Hersh’s career as an author has run the gamut from intensively researched exposés to dubious scandalmongering. And its wilder swings in the latter direction came close to endangering his career. His first two books after leaving the Times—1983’s exhaustive, 700-page account of seemingly inexhaustible Kissinger moral trespasses, The Price of Power, and 1986’s The Target Is Destroyed: What Really Happened to Flight 007 and What America Knew About It—were critically applauded. But his next book, 1991’s The Samson Option: Israel’s Nuclear Arsenal and American Foreign Policy, relied heavily on a source whom Hersh later characterized in an interview as a liar. And after the publication of The Dark Side of Camelot in 1997, Hersh’s reputation took another dip.
The reviews of Hersh’s singularly tumescent account of the Kennedy presidency were savage. Gail Collins wrote in The Nation that Hersh’s book on JFK was “best read as a sort of journalistic tragedy.” In the Los Angeles Times, Edward Jay Epstein decreed that Hersh “must have invented” some of his facts and that the book “turns out to be, alas, more about the deficiencies of investigative journalism than about the deficiencies of John F. Kennedy.”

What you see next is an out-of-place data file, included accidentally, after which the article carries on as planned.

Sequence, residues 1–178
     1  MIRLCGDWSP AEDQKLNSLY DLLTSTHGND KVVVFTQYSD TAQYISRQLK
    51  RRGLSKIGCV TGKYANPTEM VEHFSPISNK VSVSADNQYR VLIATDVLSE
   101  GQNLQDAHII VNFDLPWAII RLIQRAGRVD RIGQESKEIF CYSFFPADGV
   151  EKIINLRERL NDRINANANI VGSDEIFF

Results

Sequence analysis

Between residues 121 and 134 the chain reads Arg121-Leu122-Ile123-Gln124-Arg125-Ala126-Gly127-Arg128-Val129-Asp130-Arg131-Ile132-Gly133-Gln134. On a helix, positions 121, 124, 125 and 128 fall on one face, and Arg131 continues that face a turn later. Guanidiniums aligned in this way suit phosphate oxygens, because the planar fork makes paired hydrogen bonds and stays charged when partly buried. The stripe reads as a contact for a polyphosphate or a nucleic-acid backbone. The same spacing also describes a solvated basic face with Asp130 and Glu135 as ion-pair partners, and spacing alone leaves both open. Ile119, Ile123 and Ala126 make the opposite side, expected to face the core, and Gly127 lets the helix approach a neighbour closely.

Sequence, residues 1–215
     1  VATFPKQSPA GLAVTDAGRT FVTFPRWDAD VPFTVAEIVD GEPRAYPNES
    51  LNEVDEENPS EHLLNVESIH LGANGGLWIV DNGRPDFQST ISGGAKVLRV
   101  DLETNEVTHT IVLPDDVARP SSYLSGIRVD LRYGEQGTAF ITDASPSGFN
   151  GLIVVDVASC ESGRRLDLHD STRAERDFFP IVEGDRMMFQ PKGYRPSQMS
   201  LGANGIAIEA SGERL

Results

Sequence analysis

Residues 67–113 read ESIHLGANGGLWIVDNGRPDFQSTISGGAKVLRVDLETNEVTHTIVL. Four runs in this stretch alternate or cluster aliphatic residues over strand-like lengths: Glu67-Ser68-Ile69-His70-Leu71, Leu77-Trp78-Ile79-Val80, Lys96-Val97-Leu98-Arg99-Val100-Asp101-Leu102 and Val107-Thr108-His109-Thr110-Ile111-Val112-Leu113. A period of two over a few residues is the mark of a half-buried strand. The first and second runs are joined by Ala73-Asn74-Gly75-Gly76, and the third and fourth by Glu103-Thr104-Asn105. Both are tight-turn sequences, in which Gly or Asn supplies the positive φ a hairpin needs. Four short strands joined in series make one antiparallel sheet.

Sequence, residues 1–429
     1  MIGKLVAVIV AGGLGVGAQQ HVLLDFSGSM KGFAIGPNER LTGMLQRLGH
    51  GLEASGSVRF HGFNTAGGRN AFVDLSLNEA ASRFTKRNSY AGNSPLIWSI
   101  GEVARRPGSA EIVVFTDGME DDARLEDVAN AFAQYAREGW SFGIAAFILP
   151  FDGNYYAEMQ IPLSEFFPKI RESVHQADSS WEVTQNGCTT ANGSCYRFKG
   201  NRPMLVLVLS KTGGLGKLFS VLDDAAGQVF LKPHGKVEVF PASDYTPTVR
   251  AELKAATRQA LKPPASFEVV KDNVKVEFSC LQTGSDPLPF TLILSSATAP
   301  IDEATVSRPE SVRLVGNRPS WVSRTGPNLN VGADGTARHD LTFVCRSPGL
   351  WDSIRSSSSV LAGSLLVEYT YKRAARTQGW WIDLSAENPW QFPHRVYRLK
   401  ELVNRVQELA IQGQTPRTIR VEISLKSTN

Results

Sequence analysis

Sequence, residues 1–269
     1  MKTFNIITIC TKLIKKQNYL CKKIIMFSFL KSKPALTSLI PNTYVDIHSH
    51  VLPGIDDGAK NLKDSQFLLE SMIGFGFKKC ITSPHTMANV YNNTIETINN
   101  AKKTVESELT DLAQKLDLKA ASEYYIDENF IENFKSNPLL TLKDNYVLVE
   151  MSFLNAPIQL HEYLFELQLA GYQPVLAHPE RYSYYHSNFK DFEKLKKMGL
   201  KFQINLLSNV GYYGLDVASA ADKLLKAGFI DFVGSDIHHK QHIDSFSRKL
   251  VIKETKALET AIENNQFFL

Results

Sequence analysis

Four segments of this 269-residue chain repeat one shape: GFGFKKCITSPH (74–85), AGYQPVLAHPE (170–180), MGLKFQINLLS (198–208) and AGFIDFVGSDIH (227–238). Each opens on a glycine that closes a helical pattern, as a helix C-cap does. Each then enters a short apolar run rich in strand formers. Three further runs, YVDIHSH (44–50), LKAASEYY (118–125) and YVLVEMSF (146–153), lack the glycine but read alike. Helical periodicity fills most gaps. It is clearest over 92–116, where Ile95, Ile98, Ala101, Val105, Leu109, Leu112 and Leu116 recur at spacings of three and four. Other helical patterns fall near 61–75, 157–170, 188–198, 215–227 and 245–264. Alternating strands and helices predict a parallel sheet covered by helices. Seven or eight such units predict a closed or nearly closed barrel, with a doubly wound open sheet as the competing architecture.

More damaging than the book’s critical reception were revelations that Hersh had fallen for a set of forged Kennedy documents—including a handwritten note from JFK offering Marilyn Monroe hush money to keep quiet about their affair—peddled by Lawrence X. Cusack III, a con man. The phony docs didn’t make it into The Dark Side of Camelot, but the moral of the story stuck: The onetime giant of investigative journalism had let himself be duped again. Hersh’s next book, on Gulf War syndrome, was almost completely ignored.